Hearing Orville Peck’s 2019 debut album Pony was definitely something I found iconic, and as someone from the Southwest, it hit a special place in my heart.
The Canadian-based country singer’s music isn’t the only thing that’s iconic. Orville Peck wears fringed masks to hide his face, creating an enigmatic atmosphere as he performs to his rather diverse audience.
From members of the LGBTQ+ community to superfans to drag queens and members of the older generations who love country music, Orville Peck draws them all together. He finds this invigorating, according to an interview with Apple Music.
The album starts off with the song “Dead of Night.” The echoing thrums of a guitar immediately set a lonely tone, and it definitely fits the mood for road trips along desert highways. I can’t remember how many times I’ve sung this song along with my friends, before the pandemic of course.
Now the sense of nostalgia is just as heartbreaking. Especially when you listen to Orville Peck’s lyrics and realize that it’s a song of unrequited love. The nostalgia of something bittersweet makes the song just as beautiful as it is dark.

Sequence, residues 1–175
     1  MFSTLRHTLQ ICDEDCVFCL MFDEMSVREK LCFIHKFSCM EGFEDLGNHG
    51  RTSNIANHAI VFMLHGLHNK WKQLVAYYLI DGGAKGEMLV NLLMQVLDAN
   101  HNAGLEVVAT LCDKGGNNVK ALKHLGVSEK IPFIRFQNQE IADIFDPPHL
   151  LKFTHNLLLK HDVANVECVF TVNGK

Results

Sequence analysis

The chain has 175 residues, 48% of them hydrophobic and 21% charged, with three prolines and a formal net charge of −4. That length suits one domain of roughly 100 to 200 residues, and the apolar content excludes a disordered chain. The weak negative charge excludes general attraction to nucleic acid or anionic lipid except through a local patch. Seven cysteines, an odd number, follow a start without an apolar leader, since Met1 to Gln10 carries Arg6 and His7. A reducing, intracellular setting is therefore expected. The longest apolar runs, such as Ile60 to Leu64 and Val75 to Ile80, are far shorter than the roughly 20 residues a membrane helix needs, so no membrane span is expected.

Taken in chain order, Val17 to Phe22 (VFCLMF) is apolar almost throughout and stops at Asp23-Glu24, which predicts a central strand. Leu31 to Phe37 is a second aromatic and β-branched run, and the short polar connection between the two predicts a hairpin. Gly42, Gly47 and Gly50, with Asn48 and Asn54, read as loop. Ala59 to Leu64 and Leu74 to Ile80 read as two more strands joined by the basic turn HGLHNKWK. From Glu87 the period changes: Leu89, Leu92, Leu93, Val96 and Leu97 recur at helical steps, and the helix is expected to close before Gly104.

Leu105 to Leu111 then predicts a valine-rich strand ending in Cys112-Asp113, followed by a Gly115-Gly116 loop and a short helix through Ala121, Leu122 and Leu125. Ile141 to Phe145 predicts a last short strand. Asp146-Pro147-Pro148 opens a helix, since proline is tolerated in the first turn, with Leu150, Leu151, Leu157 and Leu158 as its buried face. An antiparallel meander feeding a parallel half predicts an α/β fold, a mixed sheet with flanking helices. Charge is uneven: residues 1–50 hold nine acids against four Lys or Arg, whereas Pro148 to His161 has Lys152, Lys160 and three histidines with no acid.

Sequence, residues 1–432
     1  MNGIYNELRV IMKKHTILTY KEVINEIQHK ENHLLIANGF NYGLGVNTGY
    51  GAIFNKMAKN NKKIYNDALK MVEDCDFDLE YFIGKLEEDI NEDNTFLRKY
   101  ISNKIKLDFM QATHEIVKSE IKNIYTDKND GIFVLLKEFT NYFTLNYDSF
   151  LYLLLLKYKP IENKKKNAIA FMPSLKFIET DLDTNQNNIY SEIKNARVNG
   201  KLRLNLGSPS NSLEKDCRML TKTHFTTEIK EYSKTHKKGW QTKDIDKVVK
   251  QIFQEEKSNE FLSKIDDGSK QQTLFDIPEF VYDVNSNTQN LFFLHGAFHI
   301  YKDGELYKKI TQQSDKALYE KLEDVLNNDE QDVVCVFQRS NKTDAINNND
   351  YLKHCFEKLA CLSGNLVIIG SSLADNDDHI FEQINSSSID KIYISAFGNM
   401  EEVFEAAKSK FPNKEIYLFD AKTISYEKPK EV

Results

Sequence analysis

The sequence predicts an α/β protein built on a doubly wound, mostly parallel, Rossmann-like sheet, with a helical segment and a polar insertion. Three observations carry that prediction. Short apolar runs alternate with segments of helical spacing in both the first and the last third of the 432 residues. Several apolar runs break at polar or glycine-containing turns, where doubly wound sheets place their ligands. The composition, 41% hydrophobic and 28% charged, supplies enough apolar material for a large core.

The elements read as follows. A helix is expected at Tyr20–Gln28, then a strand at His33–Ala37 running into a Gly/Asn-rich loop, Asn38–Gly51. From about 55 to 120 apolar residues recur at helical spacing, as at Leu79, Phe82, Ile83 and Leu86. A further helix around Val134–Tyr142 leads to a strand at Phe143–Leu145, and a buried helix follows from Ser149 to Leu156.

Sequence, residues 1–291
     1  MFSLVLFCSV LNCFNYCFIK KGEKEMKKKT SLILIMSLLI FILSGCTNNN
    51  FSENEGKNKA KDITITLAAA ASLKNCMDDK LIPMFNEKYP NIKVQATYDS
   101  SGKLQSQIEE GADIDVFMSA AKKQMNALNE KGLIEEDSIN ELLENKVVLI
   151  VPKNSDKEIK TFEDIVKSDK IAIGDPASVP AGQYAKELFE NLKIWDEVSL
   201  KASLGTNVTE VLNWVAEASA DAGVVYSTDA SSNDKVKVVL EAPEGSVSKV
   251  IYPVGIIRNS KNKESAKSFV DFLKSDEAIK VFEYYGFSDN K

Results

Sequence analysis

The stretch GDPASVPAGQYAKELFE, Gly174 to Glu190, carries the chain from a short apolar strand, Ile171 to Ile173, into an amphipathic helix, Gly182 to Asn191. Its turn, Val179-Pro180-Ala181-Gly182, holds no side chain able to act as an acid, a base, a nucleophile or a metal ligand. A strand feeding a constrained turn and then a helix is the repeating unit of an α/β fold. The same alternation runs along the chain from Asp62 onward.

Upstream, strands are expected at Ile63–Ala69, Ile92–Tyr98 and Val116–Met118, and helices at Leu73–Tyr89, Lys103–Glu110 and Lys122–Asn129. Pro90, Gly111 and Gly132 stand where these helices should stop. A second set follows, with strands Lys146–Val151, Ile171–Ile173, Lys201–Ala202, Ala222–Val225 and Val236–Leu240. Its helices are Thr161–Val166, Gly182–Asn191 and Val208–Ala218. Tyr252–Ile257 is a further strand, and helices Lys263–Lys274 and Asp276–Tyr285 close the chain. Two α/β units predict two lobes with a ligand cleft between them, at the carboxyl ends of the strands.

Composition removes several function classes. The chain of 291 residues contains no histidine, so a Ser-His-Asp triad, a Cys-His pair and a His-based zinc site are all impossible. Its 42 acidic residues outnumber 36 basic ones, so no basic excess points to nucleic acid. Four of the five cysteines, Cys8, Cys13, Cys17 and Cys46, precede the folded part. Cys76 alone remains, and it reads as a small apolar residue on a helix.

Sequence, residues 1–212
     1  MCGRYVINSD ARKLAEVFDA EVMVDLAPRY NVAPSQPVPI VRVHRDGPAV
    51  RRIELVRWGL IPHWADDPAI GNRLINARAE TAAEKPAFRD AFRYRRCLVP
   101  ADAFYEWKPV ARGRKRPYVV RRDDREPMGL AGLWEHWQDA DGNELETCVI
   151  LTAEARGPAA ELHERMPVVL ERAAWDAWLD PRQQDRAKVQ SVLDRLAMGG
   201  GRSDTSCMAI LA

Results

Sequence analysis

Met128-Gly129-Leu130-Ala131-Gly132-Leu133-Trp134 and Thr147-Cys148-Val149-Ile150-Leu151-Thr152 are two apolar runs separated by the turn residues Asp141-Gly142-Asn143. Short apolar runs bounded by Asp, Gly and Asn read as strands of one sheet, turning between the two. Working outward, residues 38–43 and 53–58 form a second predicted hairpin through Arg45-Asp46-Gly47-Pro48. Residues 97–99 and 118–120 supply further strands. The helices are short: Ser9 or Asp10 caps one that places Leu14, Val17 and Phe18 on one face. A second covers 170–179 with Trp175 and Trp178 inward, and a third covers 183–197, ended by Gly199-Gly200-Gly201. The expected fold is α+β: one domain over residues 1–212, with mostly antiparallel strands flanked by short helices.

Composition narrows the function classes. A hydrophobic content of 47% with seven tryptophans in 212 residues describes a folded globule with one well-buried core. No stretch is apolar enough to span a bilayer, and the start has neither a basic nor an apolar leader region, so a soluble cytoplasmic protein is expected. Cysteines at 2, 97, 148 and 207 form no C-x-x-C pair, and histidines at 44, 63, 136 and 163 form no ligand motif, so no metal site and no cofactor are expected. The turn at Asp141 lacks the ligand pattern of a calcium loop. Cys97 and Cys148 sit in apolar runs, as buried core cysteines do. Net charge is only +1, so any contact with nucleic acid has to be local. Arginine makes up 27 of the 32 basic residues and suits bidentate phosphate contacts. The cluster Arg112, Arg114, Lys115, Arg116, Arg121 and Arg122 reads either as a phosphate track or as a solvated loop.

Other than “Dead of Night,” “Hope to Die” is another song about heartbreak. The song is a slow, serene melody that portrays the dissociative stillness one feels after getting their heart broken.
In Orville Peck’s lyrics at the end of the song, “I’m still undone. Not quite young but I, I still try. Cross my heart, now I hope to die,” you can feel the sad melody portray the heartbreak he must have felt before, during, and after he created that song.
The lyrics on this album feel as if Orville Peck left a piece of his soul embedded within. And perhaps he did, because he wrote most of the songs on Pony by himself. His lyrics are brutally honest as if they came straight from experience. If you’re looking for a sorrowfully passionate album, I recommend Pony.